The extraordinary longevity of Sparta fascinated 17th and 18th century political writers and philosophers. From Algernon Sidney, to Walter Moyle, John Trenchard and Thomas Gordon of Cato’s Letters fame, the idealized lessons drawn from the Spartan experience in government had enormous impact on our Founding generation. Spanning some six hundred years, until the Roman conquest of 146 BC, the Spartan republic remains the longest lived in history.
Legend holds that Lycurgus, (circa 800 BC) traveled the eastern Mediterranean to observe various governments. He visited Egypt, Crete, and city-states around the Aegean Sea. Sensing that he could design a better governing form suitable for his home country, he visited the Oracle of Delphi for confirmation. The Oracle agreed that his plans would set Sparta above all other cities and history would forever honor him as the greatest lawgiver. Emboldened, he returned to find a poor and miserable Sparta under the rule of his young nephew, King Charilaus. In this tiny city-state with hardly fifteen thousand free males, what passed for government alternated between democracy and monarchy, anarchy and tyranny.1
Through Lycurgus’ personal appeal and leadership, the wealthy and poor alike acceded to his plan. First, he brought about an equitable distribution of land. Second, he divided political power among the one, the few, and the many. The king’s power was limited; he executed the law of the land proposed by the few, the Gerousia, or Senate of twenty-eight elders over sixty years old. Similar to the duty of the Vice President in the American Senate, the king presided over the Gerousia. Bills proposed by the Gerousia were affirmed or rejected by the free warrior males of Sparta.2 The Gerousia also served as the highest court, a duty echoed in the English King-in-Parliament and, for certain matters, the US Senate.
Walter Moyle (1672 – 1721) wrote that Lycurgus wrested envy, fraud, and violence from the poor, and insolence, luxury, and oppression from the wealthy. Personal wealth no longer marked men above others, but rather public esteem and merit. In this virtuous commonwealth, in which avarice was socially unacceptable, all lived on equal terms in relative poverty.3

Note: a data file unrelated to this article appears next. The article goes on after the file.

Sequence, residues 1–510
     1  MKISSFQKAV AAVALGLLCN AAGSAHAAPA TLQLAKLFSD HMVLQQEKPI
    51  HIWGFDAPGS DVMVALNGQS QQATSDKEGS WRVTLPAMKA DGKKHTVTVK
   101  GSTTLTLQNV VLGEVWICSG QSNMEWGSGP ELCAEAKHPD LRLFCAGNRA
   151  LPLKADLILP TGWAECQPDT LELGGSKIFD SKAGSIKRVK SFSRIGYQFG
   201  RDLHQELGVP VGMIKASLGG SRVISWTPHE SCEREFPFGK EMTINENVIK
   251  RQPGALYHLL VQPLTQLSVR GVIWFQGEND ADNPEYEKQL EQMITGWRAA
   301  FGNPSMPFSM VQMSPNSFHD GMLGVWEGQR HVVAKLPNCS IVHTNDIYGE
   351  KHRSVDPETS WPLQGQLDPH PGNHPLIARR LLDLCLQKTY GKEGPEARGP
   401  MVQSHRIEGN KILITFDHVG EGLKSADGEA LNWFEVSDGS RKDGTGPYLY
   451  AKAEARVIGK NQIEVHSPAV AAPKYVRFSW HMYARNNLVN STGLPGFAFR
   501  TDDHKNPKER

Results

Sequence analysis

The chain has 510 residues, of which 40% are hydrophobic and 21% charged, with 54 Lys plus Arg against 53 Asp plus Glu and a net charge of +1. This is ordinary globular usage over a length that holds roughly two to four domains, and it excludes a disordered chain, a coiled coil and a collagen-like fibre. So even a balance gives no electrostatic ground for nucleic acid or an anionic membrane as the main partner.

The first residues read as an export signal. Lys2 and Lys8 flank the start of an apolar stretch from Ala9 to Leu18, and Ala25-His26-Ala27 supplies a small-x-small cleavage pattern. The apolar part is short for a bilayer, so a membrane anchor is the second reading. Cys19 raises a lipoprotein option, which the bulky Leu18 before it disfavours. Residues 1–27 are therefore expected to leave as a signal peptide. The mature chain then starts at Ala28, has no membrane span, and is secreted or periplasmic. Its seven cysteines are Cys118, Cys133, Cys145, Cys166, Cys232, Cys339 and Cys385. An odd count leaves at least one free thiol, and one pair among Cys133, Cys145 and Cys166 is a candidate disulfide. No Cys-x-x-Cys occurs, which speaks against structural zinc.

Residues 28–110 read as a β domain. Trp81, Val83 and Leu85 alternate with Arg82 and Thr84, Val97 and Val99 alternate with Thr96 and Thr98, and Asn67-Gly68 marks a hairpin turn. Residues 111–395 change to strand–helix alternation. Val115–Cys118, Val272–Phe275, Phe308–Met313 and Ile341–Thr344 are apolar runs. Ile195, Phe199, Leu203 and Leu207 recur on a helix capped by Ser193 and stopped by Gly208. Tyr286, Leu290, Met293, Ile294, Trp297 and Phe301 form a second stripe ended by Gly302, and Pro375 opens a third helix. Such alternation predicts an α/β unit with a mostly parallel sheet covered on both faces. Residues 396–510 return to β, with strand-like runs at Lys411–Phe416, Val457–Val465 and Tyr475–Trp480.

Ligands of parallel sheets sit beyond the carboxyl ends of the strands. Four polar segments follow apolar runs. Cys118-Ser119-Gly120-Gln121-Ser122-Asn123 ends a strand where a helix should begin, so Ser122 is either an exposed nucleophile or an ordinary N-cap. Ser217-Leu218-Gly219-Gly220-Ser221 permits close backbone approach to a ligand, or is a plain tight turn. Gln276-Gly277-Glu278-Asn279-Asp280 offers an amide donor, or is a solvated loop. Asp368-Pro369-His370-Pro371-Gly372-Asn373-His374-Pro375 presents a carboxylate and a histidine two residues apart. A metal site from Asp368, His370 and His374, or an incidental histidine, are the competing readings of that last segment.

Regular readers know my admiration of Niccolo’ Machiavelli’s Discourses on Livy. Several chapters examine lawgivers, especially the good princes who ruled with a steady hand and left behind a happy and prosperous people. While such men were not uncommon, very few left behind institutions that promoted the general welfare of future generations. Second, Machiavelli stressed the importance of a common religion. As the social glue and inner guidance for all, a common religion controls the public passions of men far better than a multitude of civil laws. He believed that no lawgiver could succeed without first resort to religion.
Having established a balanced and stable government, Lycurgus declared his need of further advice from the Oracle at Delphi. Before he left Sparta, he called the assembly of the people, the Gerousia and king, and obtained an oath from all that they would keep his governing reforms during his absence. Lycurgus left, and never returned.
In Part II, we’ll look at American Lawgivers, the Framing generation of 1787-1788.
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